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Thread: What is the least expensive (new) high end watch in your opinion

  1. #1

    What is the least expensive (new) high end watch in your opinion

    Setting aside such academic arguments as a Seiko 5 is high end, what is the least expensive (MSRP/RPP) watch that you consider high end? I am asking a question that I don't have a quick answer to, I plan to think about it some more and try to come up with my personal answer.

  2. #2
    Big Member Chase's Avatar
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    To me high end isn't about being above or below a certain price point, although cost does come with the territory. For me the Blancpain Bathyscaphe I picked up is right around that cusp. It is leagues above others but isn't anywhere near (at least by price) in the realm of Patek et al. Ergo, it is a cusp piece and that 10-12k figure using this example is that least expensive high end barometer.

    Where it gets dicey for me is something like the 216570. I guess it would fill the upper middle void.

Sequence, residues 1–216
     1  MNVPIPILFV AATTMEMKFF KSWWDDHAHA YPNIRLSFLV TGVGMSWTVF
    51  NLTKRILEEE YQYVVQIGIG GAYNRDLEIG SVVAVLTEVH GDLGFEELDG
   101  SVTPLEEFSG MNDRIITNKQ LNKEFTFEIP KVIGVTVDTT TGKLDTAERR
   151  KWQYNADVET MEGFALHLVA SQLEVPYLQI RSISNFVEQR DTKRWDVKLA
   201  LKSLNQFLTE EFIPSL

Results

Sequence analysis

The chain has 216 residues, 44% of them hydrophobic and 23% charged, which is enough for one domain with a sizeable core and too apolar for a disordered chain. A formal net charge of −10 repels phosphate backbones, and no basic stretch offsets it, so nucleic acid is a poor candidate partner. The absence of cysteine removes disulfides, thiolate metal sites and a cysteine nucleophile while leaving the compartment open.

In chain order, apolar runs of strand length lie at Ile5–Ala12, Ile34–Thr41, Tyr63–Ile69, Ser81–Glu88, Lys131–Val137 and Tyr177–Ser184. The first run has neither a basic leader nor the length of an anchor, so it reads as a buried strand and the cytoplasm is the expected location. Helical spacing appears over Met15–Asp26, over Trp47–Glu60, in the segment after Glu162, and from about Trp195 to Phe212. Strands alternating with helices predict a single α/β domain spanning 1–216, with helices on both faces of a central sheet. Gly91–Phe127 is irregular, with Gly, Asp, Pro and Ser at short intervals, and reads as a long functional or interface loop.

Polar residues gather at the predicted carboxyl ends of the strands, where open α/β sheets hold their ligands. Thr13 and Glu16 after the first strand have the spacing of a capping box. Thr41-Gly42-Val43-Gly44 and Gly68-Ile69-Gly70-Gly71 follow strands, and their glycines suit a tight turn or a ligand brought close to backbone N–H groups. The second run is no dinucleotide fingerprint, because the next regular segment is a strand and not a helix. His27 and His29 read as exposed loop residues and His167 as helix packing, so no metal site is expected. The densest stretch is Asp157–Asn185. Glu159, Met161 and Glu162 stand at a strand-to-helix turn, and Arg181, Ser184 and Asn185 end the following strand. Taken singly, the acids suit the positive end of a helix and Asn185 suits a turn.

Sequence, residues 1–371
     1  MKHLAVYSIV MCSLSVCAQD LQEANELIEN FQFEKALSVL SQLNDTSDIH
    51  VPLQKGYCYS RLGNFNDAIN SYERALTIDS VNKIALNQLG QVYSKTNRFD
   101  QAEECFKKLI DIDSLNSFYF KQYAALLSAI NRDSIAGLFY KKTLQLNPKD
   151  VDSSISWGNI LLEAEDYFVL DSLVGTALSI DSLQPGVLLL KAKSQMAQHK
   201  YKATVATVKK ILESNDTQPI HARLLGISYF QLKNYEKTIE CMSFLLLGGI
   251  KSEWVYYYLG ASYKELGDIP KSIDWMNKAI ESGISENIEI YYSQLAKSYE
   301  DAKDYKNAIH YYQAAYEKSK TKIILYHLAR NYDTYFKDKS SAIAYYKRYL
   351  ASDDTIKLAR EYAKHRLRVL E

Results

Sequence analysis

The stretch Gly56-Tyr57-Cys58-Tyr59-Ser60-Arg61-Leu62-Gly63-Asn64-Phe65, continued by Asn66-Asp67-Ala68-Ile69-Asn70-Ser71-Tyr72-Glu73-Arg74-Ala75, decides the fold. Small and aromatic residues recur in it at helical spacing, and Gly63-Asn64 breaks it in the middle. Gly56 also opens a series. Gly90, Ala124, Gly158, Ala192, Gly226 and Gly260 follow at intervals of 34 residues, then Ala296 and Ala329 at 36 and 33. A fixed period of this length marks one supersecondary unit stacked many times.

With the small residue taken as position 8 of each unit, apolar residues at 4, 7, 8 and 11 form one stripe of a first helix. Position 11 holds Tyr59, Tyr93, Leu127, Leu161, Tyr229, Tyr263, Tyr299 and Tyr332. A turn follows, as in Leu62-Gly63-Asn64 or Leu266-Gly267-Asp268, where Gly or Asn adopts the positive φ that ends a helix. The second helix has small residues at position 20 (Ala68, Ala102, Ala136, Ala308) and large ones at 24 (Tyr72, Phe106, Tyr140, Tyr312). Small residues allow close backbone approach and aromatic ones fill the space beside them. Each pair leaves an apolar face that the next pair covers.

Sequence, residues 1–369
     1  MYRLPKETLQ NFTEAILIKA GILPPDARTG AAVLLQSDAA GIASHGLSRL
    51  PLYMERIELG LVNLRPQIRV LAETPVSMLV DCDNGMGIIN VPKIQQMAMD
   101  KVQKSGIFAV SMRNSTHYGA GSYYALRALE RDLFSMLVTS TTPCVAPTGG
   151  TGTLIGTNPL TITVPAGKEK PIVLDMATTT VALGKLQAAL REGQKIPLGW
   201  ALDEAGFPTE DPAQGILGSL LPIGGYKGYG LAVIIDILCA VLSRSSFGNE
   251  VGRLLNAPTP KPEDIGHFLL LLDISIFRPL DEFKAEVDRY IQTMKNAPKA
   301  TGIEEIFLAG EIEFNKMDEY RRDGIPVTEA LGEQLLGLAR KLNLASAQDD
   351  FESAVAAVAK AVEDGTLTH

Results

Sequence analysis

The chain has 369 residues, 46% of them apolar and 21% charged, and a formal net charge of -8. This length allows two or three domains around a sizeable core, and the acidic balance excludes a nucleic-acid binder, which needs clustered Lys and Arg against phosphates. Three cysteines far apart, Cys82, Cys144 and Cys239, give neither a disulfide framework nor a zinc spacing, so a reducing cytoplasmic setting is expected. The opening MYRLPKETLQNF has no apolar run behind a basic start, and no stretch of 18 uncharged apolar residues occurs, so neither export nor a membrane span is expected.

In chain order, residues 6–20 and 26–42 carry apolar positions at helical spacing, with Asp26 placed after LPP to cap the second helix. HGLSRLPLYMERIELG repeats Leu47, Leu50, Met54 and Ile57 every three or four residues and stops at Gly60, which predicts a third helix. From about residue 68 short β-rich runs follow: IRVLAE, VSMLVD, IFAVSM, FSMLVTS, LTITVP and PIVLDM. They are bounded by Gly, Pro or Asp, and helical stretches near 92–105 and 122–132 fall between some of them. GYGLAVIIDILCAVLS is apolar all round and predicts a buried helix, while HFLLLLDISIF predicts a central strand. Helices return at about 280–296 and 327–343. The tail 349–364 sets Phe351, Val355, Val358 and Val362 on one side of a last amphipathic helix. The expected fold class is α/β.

Now based on the above logic, everything 'above' the BP would be the high end category, which might make it the largest category of all, at least in terms of the range in pricing.

  3. #3

    What is the least expensive (new) high end watch in your opinion

    I think yours is simply another (interesting) way to try and coax out an answer to what "high end" actually means. For me, the last two watches I've bought might bracket the price point, at least for me, in terms of buying new. It also brackets my personal (current) pain point of $10k. My Breguet Marine would have cost more than that new, but I got a good deal on a pre-owned one. My JLC Hometime Aston Martin was well under $10k new. But IMO they are both "high end." YMMV.